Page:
Russian Whistleblower Fears for Safety After Anti-Doping System Hacked | NBC 5 Dallas-Fort Worth
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Russian Whistleblower Fears for Safety After Anti-Doping System Hacked

Stepanova said she would of course like to be in Rio De Janeiro, but she has heard stories about crime and lack of security in the Olympic city and thinks it would be easy for someone to hurt her if she were in Brazil right now

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    Russia Yulia Stepanova walks on the track as she was injured during the 800 meter-race of the European Athletics Championships at the Olympic Stadium in Amsterdam on July 6, 2016. Stepanova provided evidence that lead to the discovery of a wide-spread doping system in Russia.

    Russian whistleblower Yulia Stepanova says she fears for her safety since hackers infiltrated both her email account and the anti-doping system that keeps track of her whereabouts.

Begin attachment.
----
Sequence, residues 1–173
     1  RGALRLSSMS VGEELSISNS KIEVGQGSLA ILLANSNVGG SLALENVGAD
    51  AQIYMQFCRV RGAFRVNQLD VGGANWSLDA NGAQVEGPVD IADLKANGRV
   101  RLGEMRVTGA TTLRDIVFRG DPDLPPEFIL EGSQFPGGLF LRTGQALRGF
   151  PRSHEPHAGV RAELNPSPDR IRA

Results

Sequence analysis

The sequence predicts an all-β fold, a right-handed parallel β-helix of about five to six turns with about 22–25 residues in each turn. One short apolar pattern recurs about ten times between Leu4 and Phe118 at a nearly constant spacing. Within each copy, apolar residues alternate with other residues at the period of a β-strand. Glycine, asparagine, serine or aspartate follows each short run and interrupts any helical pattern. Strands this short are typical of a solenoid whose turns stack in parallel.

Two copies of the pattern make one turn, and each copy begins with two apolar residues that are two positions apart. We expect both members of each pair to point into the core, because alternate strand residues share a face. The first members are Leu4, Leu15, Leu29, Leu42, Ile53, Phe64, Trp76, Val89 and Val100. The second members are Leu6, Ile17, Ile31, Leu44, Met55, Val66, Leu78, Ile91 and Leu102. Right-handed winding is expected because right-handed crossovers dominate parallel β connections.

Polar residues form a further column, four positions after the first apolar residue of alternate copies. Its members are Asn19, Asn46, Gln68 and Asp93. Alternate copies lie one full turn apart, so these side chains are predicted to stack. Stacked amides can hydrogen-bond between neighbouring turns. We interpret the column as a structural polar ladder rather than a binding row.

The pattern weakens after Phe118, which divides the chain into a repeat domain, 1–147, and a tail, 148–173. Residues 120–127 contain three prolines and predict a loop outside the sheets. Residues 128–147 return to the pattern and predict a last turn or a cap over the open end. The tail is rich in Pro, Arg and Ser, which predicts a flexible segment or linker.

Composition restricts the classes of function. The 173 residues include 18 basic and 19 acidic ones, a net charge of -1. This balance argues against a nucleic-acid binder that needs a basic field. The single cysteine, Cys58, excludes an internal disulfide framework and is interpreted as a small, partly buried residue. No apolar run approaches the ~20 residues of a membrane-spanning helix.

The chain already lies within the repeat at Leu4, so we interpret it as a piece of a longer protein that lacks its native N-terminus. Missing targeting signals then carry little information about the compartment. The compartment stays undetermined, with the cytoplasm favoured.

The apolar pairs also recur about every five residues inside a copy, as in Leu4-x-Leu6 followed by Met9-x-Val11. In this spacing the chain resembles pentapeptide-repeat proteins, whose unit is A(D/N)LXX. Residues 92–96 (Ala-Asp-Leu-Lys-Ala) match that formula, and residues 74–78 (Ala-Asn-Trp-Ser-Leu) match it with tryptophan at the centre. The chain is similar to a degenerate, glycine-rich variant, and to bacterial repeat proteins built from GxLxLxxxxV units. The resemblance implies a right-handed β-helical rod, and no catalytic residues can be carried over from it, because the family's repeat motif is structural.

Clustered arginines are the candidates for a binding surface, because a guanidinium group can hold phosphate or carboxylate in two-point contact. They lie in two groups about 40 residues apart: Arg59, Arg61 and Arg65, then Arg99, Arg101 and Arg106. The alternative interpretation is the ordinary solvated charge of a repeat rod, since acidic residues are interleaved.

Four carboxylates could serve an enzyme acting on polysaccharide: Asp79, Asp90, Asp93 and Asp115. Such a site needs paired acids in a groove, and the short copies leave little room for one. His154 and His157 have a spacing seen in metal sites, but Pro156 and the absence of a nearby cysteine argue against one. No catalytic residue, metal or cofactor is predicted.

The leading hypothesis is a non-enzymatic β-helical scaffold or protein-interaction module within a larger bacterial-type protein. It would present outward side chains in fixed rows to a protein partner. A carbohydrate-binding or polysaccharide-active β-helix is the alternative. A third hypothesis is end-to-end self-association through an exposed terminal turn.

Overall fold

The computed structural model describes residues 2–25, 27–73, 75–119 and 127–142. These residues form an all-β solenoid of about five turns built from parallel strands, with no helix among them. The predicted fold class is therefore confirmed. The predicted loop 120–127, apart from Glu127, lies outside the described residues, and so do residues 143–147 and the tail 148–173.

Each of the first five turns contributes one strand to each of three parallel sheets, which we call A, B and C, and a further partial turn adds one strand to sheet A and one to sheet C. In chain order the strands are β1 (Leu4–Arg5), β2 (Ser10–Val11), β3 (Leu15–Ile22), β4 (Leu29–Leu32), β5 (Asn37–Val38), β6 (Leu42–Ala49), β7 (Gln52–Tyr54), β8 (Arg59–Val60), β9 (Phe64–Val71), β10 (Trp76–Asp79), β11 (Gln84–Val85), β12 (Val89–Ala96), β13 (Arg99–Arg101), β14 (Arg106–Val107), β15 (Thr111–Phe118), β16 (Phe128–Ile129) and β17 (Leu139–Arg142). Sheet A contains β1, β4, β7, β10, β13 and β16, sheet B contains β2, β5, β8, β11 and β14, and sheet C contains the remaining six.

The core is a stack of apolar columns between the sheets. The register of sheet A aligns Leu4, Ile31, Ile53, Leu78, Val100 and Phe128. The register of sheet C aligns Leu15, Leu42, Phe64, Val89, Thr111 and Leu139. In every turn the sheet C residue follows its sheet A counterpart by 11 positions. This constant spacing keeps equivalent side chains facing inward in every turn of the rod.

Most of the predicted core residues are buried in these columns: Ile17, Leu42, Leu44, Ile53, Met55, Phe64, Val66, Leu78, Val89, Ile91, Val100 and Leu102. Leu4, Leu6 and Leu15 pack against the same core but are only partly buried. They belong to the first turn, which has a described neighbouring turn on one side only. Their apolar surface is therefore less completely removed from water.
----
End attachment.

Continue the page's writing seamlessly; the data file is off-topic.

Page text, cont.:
Stepanova, the 800-meter runner who was denied a spot in the Olympics by the International Olympic Committee, says she, her husband and their young son recently moved to another undisclosed location in the United States.

    Stepanova unveiled details that led to the discovery of a wide-ranging doping system inside her home country. The Russian track team has been banned from the Olympics, but the IOC has allowed 278 athletes in other sports to compete.

    Stepanova said she would of course like to be in Rio De Janeiro, but she has heard stories about crime and lack of security in the Olympic city and thinks it would be easy for someone to hurt her if she were in Brazil right now.

    The World Anti-Doping Agency said last week that hackers had accessed their system. Included in that was information about Stepanova's whereabouts. All athletes are required to provide that information so they can be reached in case they're chosen for an out-of-competition drug test.